Lexington County Museum

The Lexington County Museum is a unique complex with 30 historic structures gathered from throughout the region and moved to a small property. The John Fox House is the only original structure on the property – the gorgeous two – story house was built in 1832. Begin at the Museum’s office and book a guided tour of the structures – the tours include inside access and the history of the structures.

The Lawrence Corley Log House, tucked away in the corner of the property near the main offices, is the oldest structure in Lexington County. Built in 1771, it was home to Lawrence Charles Corley, a prominent landowner who served 31 days in the SC State Militia during the Revolutionary War. By the early 1800s, Corley owned over 600 acres between Twelve Mile Creek and Fourteen Mile Creek, encompassing most of present-day Lexington.

231 Fox Street | Lexington, SC 29072 (803) 359-8369 | lexingtoncountymuseum.org

Don’t Miss: After touring the historic structures, get lunch or dinner in downtown Lexington. Order fresh homemade pasta at Alodia’s Cucina Italiana, traditional Irish dishes at O’Hara’s Public House, or craft beer and burgers at Old Mill Brewpub.

South Carolina State Museum

From the third floor to the ground level, exploring the South Carolina State Museum is like walking through the State’s history. The Museum’s top floor begins with a replica of Fort Moultrie – the palmetto log fort William Moultrie used to defeat the first British invasion of Charleston. A small nook features a few Revolutionary War artifacts and paintings. The rest of the museum explores the state’s history through the Civil War, Reconstruction, early technology development, cultural experiences, and modern times. Large galleries feature thousands of artifacts and displays. If you need a break, check the schedule at the 4D theater or browse the gift shop.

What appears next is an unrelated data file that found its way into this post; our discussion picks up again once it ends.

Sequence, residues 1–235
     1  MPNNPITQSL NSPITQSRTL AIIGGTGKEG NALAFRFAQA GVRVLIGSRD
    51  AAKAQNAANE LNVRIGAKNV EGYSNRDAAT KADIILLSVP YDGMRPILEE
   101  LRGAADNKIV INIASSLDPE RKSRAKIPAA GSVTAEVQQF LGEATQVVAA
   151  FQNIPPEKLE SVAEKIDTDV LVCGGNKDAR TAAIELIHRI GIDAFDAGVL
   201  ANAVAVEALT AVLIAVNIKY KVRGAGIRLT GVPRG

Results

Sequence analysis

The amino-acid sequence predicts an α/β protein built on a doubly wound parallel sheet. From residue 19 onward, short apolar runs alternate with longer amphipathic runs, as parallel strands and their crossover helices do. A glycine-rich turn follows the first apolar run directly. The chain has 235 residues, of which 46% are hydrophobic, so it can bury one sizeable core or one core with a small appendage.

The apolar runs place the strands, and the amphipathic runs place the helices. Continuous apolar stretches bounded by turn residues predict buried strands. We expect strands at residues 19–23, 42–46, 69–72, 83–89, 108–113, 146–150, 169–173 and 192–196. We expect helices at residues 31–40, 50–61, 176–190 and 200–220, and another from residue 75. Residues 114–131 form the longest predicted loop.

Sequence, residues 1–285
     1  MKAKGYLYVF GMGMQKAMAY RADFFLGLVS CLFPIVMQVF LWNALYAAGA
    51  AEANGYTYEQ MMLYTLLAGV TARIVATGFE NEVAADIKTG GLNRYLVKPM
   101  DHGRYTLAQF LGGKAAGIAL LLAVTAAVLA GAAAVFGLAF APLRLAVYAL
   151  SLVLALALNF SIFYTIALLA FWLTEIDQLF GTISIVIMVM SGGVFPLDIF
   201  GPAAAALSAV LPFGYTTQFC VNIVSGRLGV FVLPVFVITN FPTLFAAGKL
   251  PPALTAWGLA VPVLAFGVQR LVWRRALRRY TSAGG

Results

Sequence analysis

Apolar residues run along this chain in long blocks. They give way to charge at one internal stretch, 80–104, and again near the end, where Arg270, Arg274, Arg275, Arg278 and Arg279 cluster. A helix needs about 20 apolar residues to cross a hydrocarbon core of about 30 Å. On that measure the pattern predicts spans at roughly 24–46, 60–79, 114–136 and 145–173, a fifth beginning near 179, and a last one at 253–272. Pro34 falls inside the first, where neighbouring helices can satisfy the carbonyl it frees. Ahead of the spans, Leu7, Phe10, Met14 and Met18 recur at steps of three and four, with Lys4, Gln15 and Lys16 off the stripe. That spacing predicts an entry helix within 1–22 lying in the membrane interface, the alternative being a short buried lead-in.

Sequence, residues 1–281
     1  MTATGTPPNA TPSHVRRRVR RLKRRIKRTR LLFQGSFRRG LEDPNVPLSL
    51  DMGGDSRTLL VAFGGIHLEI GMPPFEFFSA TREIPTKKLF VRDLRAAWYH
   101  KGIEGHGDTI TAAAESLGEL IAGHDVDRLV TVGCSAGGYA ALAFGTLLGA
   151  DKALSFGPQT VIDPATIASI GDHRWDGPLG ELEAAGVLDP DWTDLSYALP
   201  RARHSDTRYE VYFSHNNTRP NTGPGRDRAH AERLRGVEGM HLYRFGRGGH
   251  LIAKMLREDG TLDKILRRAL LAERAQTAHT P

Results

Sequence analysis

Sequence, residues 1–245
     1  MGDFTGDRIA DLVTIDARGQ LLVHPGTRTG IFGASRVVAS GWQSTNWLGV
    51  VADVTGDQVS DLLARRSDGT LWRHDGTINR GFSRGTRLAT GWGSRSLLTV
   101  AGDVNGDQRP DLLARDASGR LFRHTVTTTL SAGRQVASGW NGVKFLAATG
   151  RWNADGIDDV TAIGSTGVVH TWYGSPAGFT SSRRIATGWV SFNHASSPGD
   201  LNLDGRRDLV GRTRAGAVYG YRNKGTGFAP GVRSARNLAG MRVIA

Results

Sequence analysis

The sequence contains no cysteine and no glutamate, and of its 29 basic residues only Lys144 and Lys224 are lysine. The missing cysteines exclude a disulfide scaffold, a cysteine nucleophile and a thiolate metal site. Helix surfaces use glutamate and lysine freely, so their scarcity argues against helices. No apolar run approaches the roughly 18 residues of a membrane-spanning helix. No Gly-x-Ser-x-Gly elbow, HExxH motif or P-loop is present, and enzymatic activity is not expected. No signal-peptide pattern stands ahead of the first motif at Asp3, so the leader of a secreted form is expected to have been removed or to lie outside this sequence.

301 Gervais Street | Columbia, SC 29201 (803) 898-4921 | scmuseum.org

South Carolina Confederate Relic Room and Military Museum

The primary collection of this military museum is artifacts from the Civil War. However, the museum features a small exhibit about the Revolutionary War with a few artifacts. Take the time to explore the other exhibits throughout the small museum tucked inside the main floor of the South Carolina State Museum.

301 Gervais Street | Columbia, SC 29201 | (803) 737-8095| crr.sc.gov

Don’t Miss:  Gervais Street is a busy thoroughfare in downtown Columbia and a great place to find something to eat. Grill Marks is an excellent burger joint, but you need to save room for one of their signature Freakshakes. Liberty Tap Room & Grill is a hot spot for local beers on tap and American foods. The folks at Blue Marlin don’t stick to just one type of food – you’ll find Southern, Cajun, and European styles on the menu. Motor Supply Company is a farm-to-table experience with a constantly changing menu, but it always features fresh ingredients from local farms and is served with upscale southern flare.